US Fed interest hike won’t affect Bangladesh economy: Experts
The recent interest rate hike by the US Federal Reserve won’t affect Bangladesh’s economy as both the private and public sectors here are not highly indebted to foreign lenders, experts said.
“It will rather give our economy a comfortable position as local entrepreneurs might not be willing to borrow from abroad after the rate hike. It might be a blessing for us as the demand for local credit will increase,” Allah Malik Kazemi, change making advisor of Bangladesh Bank (BB), said on Thursday.
He said local enterprises recently borrowed from external sources because of low interests, and as result, the country’s banking sector have been suffering from low demand for credit, which ultimately increased the pile of idle money.
The US Federal Reserve hiked interest rates by a quarter of a percentage point to between 0.25 percent for the first time in nearly a decade on Wednesday, and signaled that the process would gradually continue, according to international media reports.
There were wide ranges of predictions that the large stock exchanges, lending institutions and emerging developing countries which have high debt will suffer for the interest rate hike by the US Federal Reserve.
In the run up to the Fed’s decision, analysts believed higher US rates could pose a challenge to a number of emerging market economies – particularly across Asia, a top exporter to the US – by pushing up bond yields, augmenting capital outflows and depreciating currencies.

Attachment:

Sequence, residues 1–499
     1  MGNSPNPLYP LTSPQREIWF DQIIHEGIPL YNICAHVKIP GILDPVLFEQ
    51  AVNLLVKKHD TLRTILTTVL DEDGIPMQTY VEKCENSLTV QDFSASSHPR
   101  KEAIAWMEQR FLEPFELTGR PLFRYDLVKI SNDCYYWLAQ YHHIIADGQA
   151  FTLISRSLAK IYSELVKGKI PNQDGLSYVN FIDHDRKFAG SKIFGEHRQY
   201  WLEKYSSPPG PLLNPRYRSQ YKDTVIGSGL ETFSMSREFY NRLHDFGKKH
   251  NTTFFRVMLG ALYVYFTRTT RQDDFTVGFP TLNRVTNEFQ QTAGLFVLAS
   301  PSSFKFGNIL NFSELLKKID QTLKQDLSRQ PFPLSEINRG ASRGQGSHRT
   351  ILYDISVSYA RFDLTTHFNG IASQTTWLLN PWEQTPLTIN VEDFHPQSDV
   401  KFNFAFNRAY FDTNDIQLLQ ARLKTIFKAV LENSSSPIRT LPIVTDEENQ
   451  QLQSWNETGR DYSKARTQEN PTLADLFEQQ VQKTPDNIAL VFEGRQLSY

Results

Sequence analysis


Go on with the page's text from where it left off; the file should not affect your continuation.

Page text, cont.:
“Our country is not highly indebted, neither the private sector nor the government. So, we have nothing to fear,” Kazemi said.
Former Securities and Exchange Commission (SEC) chairman Ziaul Haq Khandker said the Bangladesh’s stock market won’t face any impact of the Fed rate hike there is not much foreign investment here.
He said Bangladesh earned a good reputation as a borrower from donors and became much resilient to external shocks due to effective fiscal and monetary policies.
The US Federal Reserve hiked interest rate based on strong sign of improving labour market in the country and hoped of much better in the days to come.
By the move, the US central bank’s policy-setting committee ended a lengthy debate about whether the economy was strong enough to withstand higher borrowing costs.
“The Committee judges that there has been considerable improvement in labour market conditions this year, and it is reasonably confident that inflation will rise over the medium term to its 2 percent objective,” the Fed said in its policy statement, which was adopted unanimously.
However, the initial reactions across Asia have been largely positive, with markets across the region registering gains on the back of the Fed move. But while a Fed rate raise of 0.25 percentage points is a small step, financial markets are more concerned about what is coming down the road from the Fed.